Toronto, November 3, 2017 – The Toronto International Film Festival (TIFF) just held their annual charity fundraiser BOOMBOX. Proceeds from this year’s event went towards Share Her Journey, a campaign to boost participation, skills, and opportunities for women behind and in front of the camera.
Hosted at the TIFF Bell Lightbox in downtown Toronto, this year’s theme celebrated the 1980s hit movie and subsequent TV show Fame. The popular television show that followed the 1980 film ran between 1982-1987 and had a strong cult following in America and the UK. It dealt with the everyday challenges and experiences faced by students attending the fictional New York City High School for the Performing Arts. Although the school was fictional, it was based heavily on the actual Fiorello H. LaGuardia High School of Music & Art and Performing Arts.
The idea was that the entire TIFF building would be transformed into a creative arts school, with each event space taking the form of a classroom, studio or common area. Not to knock the talent or the organizers, but I can’t say the event was what I expected. If it was a Fame-inspired event, there was really no way of knowing it. Perhaps in my mind, this was an opportunity to really capitalize on that 1980s dance, music and art vibe and that just didn’t happen.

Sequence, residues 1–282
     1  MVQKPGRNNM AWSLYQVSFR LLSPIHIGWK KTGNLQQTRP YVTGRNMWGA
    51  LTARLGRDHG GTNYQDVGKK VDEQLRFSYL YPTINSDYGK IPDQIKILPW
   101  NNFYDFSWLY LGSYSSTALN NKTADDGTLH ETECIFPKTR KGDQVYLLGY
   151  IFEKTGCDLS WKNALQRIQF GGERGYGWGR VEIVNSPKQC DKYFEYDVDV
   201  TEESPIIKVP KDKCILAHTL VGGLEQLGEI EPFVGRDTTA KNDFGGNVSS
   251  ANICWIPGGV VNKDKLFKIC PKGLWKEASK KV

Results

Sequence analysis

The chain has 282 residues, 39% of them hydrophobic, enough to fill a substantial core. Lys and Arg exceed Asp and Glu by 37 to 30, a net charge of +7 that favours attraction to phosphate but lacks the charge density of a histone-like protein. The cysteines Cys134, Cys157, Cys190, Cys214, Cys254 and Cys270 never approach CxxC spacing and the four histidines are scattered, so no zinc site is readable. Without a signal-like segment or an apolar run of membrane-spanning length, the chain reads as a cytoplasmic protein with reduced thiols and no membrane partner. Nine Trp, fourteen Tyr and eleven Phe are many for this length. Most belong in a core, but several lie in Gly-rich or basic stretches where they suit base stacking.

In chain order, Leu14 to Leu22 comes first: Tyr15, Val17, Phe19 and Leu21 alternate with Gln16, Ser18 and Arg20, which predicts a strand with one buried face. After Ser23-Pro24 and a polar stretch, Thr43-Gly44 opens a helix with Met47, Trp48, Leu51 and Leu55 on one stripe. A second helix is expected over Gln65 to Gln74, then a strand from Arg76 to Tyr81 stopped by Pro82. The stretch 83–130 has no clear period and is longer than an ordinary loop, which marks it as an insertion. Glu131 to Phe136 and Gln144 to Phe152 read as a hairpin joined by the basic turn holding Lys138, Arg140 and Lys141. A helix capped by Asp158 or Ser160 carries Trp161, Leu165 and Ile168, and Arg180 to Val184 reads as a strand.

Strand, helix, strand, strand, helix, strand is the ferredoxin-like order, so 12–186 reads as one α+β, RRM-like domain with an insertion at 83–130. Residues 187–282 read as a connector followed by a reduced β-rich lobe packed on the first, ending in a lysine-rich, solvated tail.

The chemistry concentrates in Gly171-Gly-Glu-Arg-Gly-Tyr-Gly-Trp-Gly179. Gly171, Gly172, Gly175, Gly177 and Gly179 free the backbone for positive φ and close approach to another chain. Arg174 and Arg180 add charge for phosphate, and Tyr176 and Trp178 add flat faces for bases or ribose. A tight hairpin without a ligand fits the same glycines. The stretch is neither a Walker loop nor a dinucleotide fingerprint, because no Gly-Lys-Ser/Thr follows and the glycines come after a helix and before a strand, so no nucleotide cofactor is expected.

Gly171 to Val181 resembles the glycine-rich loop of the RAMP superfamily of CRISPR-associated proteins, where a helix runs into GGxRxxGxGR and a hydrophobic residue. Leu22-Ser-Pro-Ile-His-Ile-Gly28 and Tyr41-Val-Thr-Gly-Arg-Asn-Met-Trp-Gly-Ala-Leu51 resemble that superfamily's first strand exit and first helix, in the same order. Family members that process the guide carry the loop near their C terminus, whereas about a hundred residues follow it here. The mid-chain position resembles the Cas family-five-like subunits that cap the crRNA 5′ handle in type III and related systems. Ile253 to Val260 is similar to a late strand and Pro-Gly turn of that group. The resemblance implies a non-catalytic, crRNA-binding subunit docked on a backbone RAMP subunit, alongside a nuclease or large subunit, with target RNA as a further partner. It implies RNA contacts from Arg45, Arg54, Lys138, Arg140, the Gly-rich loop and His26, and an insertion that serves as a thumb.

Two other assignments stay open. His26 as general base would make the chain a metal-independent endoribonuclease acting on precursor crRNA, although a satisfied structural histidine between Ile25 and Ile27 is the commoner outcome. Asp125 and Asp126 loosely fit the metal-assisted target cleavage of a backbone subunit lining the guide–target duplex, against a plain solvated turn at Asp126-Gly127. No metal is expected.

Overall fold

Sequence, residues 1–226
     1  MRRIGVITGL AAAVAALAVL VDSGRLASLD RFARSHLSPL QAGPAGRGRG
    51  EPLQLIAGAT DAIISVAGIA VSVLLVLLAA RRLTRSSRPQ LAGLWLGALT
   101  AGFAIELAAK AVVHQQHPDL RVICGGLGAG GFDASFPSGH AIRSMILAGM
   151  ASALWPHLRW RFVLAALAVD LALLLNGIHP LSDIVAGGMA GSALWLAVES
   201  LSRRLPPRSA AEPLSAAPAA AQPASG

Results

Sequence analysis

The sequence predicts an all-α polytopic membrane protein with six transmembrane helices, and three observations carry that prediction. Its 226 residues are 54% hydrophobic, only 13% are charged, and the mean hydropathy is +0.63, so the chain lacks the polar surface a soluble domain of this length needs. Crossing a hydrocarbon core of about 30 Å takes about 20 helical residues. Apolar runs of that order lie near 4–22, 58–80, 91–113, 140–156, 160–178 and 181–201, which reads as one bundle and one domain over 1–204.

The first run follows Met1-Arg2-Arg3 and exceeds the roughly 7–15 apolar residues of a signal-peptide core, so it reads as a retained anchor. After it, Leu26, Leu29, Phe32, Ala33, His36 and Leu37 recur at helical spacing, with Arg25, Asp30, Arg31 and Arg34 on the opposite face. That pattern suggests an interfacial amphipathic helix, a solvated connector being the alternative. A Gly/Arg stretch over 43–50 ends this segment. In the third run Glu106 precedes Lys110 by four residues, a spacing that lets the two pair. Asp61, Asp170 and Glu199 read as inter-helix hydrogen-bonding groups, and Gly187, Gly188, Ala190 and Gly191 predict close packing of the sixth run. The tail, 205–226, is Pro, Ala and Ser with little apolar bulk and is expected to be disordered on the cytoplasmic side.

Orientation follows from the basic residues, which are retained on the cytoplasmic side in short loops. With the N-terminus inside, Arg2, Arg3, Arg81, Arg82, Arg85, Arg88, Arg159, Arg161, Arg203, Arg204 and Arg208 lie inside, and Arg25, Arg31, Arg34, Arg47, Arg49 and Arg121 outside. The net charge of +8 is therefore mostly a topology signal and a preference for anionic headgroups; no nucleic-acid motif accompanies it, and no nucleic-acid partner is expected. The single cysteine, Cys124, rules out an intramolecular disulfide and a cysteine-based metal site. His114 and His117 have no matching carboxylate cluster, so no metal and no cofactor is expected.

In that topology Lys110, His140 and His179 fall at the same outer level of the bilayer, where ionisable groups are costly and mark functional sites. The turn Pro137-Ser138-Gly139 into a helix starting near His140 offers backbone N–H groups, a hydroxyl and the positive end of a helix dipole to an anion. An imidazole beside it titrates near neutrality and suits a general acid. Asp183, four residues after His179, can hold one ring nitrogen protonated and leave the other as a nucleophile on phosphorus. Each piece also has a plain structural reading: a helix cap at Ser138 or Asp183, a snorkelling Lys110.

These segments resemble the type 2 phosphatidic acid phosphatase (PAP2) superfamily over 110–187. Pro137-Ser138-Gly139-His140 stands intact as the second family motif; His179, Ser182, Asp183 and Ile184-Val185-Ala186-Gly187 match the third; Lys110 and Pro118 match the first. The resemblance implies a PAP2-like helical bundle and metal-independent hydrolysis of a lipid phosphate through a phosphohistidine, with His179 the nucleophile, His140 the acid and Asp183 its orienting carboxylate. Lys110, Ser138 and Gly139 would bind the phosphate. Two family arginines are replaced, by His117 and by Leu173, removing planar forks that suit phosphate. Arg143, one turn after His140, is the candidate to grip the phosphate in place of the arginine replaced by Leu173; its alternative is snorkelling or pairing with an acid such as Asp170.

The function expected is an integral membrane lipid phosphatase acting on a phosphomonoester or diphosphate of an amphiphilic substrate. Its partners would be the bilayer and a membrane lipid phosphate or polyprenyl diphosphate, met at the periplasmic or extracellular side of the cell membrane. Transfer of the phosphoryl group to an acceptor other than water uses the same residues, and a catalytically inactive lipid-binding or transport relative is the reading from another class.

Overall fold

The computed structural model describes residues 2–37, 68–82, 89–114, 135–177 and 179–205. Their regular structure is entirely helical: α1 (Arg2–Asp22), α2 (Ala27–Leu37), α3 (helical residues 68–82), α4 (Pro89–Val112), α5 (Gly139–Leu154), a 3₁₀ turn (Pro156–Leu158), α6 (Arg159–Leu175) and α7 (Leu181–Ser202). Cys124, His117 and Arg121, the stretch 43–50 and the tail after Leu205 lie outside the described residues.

DJ Beat Sampras kicked off the celebration in the Atrium-turned-Auditorium, performances by Indigenous dancers Cylene Morrison, Leslie McCue, Angel Recollet and Jonathan Yellowhead. To close out the night Boombox presented DJs Nino Brown & Dre Ngozi as their headline act. The Loading Docks were turned into an open creative space with impromptu breakdance and rap battles against the backdrop of DJ Xavier Pierre.
Catering was provided care of Twist Catering and beverages from Grolsch, Noxx & Dunn, and Tag Vodka kept the party going all night.
A fun night, but not a Fame night.